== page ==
Q.If I can’t take the course, do you teach us debate skills?

A. Yes! Each meeting is oriented toward developing debates skills that prepare you for competition.

Q.How does travelling for debate competition work?

A. If you choose to compete in debate, your travel and expenses are paid for by the University of Washington. Most trips last four to five days, leaving on either Thursday or Friday and return either Monday or Tuesday. Competition team members should expect to travel at least two-to-three times during the fall and winter quarters and may travel to up to ten tournaments.

Q.How can I balance debate travel and my courses?

A. Debate is a recognized university-related activity in the University Code and your absences are officially excused by the university. Faculty are requested to work to accommodate your absence and may not penalize you for your involvement in debate. The Director of the Debate Union provides students with a letter for faculty explaining their participation and closely monitors student academic performance. In reality, most faculty are pleased that their students are involved in debate. Students who involved in debate tend to be active class participants and have advanced grasp on course material.

Q.English isn’t my first language. Can I compete?

A. Yes! Debating is an excellent way to build language skills. In actual competition, other competitors will work to accommodate your participation in a debate. Of course, your want to win but the judges and the other team will generally understand that debating in a second (or third or fourth) language is a unique challenge.

Q.I competed in forensics in high school/college. Would I be a “novice.”?

A. It depends. If you competed in individual speech events, Congressional debate, Public Forum, or Mock Trial, you likely qualify to compete in novice. If you competed in a year or more of Cross-Examination or Lincoln-Douglas debate, you probably do not qualify for novice level debate. You may start at the Junior Varsity level of competition.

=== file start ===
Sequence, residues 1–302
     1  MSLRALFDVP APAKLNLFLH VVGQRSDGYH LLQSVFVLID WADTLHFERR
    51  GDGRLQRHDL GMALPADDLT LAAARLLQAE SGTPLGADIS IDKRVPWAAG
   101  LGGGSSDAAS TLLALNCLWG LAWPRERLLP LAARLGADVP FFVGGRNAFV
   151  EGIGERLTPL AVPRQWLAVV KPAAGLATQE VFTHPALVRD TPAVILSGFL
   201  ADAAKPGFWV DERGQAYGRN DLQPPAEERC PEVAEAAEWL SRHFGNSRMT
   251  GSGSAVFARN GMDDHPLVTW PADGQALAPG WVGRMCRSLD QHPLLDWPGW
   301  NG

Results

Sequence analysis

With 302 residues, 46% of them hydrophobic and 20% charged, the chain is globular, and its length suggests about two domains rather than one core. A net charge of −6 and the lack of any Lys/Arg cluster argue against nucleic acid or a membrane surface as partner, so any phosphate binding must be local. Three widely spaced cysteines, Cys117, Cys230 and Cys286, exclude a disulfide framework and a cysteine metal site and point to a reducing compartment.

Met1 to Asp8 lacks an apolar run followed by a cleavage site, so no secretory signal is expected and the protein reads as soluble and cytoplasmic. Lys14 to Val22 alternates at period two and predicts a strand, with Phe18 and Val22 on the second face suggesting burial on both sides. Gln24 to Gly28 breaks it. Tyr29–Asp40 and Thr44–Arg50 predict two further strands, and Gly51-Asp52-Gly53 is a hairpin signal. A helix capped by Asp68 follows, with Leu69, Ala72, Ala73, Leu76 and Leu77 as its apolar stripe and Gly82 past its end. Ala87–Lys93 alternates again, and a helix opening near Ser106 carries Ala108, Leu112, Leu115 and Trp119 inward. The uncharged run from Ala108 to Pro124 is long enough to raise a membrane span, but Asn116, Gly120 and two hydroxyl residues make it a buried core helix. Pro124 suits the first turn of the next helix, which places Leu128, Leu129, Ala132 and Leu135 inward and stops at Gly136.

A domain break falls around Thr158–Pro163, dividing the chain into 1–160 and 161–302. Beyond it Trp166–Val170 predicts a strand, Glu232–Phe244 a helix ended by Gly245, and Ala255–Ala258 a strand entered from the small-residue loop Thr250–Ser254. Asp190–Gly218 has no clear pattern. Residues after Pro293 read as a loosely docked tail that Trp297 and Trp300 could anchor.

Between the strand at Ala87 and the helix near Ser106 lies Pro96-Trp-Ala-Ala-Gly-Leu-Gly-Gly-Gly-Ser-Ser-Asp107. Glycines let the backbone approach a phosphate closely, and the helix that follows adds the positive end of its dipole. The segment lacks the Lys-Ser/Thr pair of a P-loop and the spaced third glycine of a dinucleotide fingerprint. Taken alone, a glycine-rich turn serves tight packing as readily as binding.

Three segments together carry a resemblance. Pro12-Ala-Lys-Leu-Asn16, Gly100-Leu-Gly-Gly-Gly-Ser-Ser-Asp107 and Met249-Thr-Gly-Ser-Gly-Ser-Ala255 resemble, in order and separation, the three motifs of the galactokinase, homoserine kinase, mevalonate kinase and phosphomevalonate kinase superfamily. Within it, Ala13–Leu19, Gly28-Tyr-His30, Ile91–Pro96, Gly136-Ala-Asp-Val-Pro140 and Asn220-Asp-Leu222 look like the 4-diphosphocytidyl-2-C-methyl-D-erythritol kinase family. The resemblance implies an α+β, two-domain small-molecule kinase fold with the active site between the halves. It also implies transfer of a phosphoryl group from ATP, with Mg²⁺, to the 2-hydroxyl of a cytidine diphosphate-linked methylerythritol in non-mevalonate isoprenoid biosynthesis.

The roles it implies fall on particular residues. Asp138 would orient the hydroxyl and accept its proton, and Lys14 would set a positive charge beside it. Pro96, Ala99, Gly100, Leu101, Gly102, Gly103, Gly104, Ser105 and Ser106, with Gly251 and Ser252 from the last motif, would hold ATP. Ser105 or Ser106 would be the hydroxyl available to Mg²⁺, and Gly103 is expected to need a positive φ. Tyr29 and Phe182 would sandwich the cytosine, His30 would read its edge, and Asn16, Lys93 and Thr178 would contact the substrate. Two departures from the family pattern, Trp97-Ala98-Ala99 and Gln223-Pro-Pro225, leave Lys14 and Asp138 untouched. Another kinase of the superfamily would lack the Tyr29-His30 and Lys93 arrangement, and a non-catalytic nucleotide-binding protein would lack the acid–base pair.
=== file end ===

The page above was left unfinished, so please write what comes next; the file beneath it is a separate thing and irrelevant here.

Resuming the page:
Q.Do you do individual events?

A. No. The Debate Union only competes in team policy debate and special public debate tournaments.

Q.If policy debate is for two-person teams, do only two people get to compete?

A. No. A single debate team has two-persons. But the school can have an unlimited number of teams. Teams from the same school do not debate each other in competition.

Q.Can debate help me with my career?

A. Yes! The American Bar Association recommends debate competition as an excellent form of preparation for law school and legal practice and many successful business people, leading scholars, and leaders are former debate competitors. Debate competitors are far more likely to gain an advanced degree than the general population of undergraduates. The skills that debate provides to students helps students be effective in whatever career they choose.

Q.What if I want to be involved but don’t want to compete?

A. Non-competitive members are an essential part of our team. If want to be involved but do not wish to compete, you can help facilitate our many programs, participate in campus debates, and help us make connections around the campus.